Advances in technology are always offering a new way for children to interact with the world - and now, technology is starting to get back to nature with programs and apps that help kids interact with the environment.
How Is This Happening?
Most developments are focusing on creating an augmented reality - such as identifying the plants and animals seen through a device's camera and allowing children to learn by touching that object on their screen. In many cases, the overriding goal is to offer a degree of fun and excitement for children whose minds are going a mile a minute.
Each time a new product comes out, someone else focuses on offering something even better. Technology has always developed this way, and it's not surprising that many of today's most capable minds are focusing on appealing to children.
Disney Is Involved, Too
The Disneynature Explore app is just one of the recent offerings in this field. Interactive playmates allow children to explore a magical landscape created by Disney - and the app takes it a step further by creating trails to follow on the screen and helping children safely navigate the outdoors.
Meanwhile, the app allows children to share and show off the pictures they make. Unlike standard camera photos, most of these pictures will be showcasing the things a child finds most fascinating about the outdoor world. The positive reinforcement children receive by doing this - including their parents enjoying the pictures - is enough to stimulate children and keep them interested in going outside at a time when most of them are continually fixated on their mobile devices.
As these apps are proving, you don't need to separate children from their devices in order to help them develop. You just have to help them use technology to engage with learning and exploration in the real world.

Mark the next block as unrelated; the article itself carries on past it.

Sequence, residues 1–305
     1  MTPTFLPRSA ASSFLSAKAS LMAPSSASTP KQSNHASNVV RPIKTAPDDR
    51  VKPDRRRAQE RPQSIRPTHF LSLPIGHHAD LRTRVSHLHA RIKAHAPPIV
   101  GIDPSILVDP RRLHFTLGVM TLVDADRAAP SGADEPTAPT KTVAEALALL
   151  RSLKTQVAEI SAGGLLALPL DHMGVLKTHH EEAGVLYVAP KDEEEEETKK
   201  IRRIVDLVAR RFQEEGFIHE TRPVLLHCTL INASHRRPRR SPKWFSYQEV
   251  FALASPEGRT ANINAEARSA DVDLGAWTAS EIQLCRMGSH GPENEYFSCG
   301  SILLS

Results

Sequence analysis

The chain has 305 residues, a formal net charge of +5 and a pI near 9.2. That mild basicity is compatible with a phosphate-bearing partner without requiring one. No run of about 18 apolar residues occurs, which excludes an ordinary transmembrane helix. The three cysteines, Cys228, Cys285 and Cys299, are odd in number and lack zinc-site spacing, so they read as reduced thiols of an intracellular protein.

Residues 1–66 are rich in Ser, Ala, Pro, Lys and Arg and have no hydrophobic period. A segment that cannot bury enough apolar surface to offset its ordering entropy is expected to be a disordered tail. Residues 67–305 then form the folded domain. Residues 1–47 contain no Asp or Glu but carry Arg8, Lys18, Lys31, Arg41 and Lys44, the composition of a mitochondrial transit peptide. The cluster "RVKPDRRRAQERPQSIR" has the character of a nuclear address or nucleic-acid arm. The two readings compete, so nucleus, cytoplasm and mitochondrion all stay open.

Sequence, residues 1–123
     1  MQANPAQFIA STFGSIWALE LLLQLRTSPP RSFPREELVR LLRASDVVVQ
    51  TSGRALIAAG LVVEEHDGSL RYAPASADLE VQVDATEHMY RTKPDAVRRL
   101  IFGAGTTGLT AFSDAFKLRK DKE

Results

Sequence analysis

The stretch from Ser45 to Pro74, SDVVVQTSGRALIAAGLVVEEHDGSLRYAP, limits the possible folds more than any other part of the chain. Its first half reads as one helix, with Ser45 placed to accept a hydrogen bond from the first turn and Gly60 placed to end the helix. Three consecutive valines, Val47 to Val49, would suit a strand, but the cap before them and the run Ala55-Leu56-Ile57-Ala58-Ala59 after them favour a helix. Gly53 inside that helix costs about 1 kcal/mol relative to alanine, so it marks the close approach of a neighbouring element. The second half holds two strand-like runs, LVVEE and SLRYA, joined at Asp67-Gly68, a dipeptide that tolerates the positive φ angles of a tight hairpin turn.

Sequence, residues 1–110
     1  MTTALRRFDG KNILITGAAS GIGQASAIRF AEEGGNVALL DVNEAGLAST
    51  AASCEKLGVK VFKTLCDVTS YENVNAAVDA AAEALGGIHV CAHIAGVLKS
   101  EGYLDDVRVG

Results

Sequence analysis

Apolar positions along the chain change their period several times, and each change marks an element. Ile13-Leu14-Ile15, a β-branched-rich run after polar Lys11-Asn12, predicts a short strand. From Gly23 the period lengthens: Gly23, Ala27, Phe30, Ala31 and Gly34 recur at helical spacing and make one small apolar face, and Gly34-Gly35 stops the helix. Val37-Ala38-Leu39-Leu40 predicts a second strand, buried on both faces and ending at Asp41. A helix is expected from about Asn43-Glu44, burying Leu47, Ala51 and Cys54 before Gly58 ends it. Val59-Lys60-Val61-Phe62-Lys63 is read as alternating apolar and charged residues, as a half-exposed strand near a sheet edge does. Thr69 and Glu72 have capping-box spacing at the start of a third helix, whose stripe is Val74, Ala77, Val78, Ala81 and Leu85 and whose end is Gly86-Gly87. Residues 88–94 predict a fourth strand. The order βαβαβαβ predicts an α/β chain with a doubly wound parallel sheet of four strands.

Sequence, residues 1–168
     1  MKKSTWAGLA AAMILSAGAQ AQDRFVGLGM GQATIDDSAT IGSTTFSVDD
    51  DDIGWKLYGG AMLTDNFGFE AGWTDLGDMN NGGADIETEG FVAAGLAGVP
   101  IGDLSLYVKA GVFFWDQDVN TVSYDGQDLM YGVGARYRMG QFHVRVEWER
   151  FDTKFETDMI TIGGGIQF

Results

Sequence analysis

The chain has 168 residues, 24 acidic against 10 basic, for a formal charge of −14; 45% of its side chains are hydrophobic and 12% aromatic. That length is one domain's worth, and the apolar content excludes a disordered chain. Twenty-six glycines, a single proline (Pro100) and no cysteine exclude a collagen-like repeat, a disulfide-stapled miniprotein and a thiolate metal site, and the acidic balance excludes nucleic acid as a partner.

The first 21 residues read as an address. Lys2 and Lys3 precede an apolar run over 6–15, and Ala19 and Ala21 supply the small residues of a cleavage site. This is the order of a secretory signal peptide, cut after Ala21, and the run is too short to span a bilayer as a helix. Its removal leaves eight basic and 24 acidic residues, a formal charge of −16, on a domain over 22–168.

Advertising & Marketing Trends.
PayPal & E-Bay are splitting ways. Read about the break up here.
Ello is taking the social media sphere by storm. It is the new "Facebook killer" but there have been plenty before. Will they succeed? Check out the Ello explosion here.
Digital Trend. "There's an App for That"
What app craze is next? Home remodeling. Why drive to multiple stores or scour websites when your app can use image recognition technology and pattern identifiers to search millions of products from thousands of stores? Oh, and then you can just click to buy. Read more about these apps here.
This gem of a GE Commercial featuring Jeff Goldblum
Breadcrumb links: Links, usually on the top of the page, that indicate where a page sits within the hierarchy of the website.
The world of shopping is changing, and customers are thinking in new ways. The convergence of online and offline shopping experiences can be a surprisingly powerful tool for re-branding your company and driving sales. This can sound intimidating, but the truth is that it's becoming easier than ever before to leverage the difference and start bringing customers back to physical locations. How, you ask? It's all about the customer's experience.